A Demon Huntress Novel
Gin Crawford, the world's newest demon huntress, just wants to enjoy a football game, but finds herself hunting a serial killer minion instead. When his victims turn out to be the local football star’s female fans, she must determine if the player has joined forces with the minion, but her efforts lead her deeper into danger. When her mentor, Aidan Smythe, is attacked, Gin resolves to go to any lengths to save him, even if it exposes her most tightly held secret. Minions and demons, however, aren't the only terrors she faces. Will she realize the greatest danger lies within—before it's too late?
Smart as in sharp. Not as in smartass.
I shake my head at him before straightening my shoulders. And slapping a hand over my mouth and nose. Yuck. Hours-old death in humid Texas weather makes for a smelly situation. At least I’m not the only one with their hand, or handkerchief, over their mouths.
“What happened?” Smythe meets the gaze of each guard and the hyperventilating janitorial women who clearly found the body.
One of the women points to where the body lies in front of the Dumpster, flat on her back, hands resting in classic death pose on her bloody stabbed chest, a red rose clasped in her fingers. Her open eyes stare into the night, her mouth curled into a grimace of pain and death. Her clothes look like she came from a club: tight, short, and low-cut, with spiky heels. At one time, I would’ve been jealous of her hot-to-trot figure.
Now all I notice is the pain and terror stamped on her face and the unfurling anger deep in my core. Fucking murderers. I might be a fancy-assed demon huntress, but I destroy minions, not human killers. Lucky for me, I can tell which type of kill this scene belongs to with little effort.
Closing my eyes, I start to take a deep calming breath, think better of it, and focus on activating my minion sensors. Tapping into the power of the entity lying along my nerves, I open my eyes to a tactical grid display of reds and oranges, a clear indication of a minion’s presence at the scene.
Looks like I’ll get my wish to annihilate the fucking bastard who killed this poor woman.
Minion, I tell Smythe. Not that he needs the verbal—or should I say telepathic—heads-up. Mages can see minion trails just fine without a Justitian’s help. Which makes me wonder why they need Justitians.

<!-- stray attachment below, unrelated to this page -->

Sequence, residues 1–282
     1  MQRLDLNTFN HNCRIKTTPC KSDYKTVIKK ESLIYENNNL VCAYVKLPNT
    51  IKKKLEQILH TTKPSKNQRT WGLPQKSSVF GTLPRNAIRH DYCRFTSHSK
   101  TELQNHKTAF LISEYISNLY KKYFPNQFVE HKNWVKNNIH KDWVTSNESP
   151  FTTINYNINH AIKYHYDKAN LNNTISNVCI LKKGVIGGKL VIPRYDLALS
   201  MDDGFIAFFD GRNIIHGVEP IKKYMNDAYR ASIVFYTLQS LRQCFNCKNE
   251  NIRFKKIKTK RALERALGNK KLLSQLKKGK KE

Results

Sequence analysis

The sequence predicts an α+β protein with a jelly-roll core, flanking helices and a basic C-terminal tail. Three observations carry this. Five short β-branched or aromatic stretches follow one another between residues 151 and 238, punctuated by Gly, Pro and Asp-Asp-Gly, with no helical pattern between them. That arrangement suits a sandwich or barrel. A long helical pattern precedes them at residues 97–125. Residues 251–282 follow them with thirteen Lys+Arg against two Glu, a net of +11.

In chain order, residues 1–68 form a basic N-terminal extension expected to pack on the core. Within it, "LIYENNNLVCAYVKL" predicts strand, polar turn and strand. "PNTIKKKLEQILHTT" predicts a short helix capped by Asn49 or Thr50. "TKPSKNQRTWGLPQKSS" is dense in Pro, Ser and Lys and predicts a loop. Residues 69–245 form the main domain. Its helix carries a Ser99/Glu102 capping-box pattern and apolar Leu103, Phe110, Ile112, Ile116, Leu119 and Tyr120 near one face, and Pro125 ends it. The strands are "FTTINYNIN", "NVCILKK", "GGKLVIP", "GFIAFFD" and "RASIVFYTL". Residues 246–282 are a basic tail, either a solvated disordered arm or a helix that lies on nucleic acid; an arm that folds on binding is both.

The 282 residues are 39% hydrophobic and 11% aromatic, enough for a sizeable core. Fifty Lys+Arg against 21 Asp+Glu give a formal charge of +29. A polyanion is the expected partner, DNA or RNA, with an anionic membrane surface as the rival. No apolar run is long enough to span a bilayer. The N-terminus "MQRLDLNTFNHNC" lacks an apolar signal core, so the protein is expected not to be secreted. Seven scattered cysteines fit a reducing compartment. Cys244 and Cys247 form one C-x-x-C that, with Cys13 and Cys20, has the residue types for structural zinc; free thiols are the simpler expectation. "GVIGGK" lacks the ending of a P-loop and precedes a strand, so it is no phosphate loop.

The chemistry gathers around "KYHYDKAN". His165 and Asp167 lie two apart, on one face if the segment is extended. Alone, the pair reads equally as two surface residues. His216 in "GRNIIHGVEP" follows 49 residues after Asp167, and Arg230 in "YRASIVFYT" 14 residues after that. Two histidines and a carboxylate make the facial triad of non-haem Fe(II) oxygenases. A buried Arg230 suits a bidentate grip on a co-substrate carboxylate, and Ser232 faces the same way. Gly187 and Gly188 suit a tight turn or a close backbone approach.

A topic for a different time.
“Brought the trash out and found this—” This hitches in the janitor’s throat, cutting off the rest of her sentence, and she swallows as she waves at the body.
“What time was that?” Smythe asks.
The woman looks at her co-worker before answering. “Ten, fifteen minutes ago?”
“Did you come out earlier?”
Both women shake their heads, but only one answers. “No, señor. Only bring out trash after the game.”
The sirens grow closer, an ear-piercing wail of sorrow. Flashing lights strobe across the walls of the stadium as the cops and an ambulance pull to a stop by the steel doors, the wail cutting off with an electronic blip. Smythe steps out of the headlights’ glare.
Someone behind me draws in a sharp intake of air. Behind me?
I turn, the minion-sensors streaming red and orange minion trails like headlights in time-lapse photography. Donny Football stands a few feet behind me, staring at the dead woman, eyes wide, mouth open. The streams of minion trails coalesce around his head, across his shoulders, a lover’s caress of evil.
Now it’s my turn to gasp and blink in surprise. If he’s a minion, why didn’t my bracelet turn into a sword when we first met at the party? But as soon as I blink, the colors vanish, leaving Donny bathed in hues of blues and reds from the flashing strobe lights of the emergency vehicles.